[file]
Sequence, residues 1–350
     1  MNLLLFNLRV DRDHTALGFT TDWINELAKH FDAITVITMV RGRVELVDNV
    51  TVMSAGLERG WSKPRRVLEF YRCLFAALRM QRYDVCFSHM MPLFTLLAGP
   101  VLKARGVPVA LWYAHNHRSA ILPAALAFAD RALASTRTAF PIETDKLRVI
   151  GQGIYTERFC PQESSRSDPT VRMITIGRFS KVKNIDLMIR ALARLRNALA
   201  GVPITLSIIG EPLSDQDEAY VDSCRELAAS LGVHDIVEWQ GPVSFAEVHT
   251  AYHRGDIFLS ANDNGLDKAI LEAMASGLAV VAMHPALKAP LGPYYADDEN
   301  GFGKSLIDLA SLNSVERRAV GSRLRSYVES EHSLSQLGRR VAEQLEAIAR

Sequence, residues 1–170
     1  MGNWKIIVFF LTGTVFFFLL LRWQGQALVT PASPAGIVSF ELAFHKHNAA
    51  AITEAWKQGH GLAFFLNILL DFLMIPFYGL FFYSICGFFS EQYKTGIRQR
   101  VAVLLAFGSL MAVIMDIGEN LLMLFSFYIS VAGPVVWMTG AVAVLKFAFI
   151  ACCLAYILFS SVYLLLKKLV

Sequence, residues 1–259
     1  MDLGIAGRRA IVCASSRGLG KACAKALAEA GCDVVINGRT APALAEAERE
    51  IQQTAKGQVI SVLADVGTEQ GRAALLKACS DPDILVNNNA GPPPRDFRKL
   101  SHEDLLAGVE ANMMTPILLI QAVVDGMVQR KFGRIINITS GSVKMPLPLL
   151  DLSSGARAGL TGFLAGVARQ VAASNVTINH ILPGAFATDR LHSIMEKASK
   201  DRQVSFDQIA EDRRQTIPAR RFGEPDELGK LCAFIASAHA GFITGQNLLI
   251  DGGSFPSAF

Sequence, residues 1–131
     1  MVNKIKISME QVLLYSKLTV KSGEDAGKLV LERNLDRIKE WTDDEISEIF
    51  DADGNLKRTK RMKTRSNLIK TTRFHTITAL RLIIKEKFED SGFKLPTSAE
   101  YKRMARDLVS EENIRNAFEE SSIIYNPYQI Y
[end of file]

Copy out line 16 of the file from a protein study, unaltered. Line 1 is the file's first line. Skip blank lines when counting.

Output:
    51  IQQTAKGQVI SVLADVGTEQ GRAALLKACS DPDILVNNNA GPPPRDFRKL